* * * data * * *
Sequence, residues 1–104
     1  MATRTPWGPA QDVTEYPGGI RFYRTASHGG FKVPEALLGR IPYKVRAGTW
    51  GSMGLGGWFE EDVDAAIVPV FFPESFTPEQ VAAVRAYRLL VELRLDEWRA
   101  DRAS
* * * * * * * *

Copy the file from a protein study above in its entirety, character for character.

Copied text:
Sequence, residues 1–104
     1  MATRTPWGPA QDVTEYPGGI RFYRTASHGG FKVPEALLGR IPYKVRAGTW
    51  GSMGLGGWFE EDVDAAIVPV FFPESFTPEQ VAAVRAYRLL VELRLDEWRA
   101  DRAS